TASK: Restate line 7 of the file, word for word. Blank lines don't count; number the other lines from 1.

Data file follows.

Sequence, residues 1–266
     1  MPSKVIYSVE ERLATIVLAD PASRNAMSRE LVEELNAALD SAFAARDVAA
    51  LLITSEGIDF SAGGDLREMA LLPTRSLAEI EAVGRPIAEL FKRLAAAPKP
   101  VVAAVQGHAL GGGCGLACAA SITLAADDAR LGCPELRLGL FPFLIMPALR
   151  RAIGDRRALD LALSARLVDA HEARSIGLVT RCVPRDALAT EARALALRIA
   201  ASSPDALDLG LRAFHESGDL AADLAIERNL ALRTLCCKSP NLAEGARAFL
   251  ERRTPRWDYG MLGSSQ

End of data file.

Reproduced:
   251  ERRTPRWDYG MLGSSQ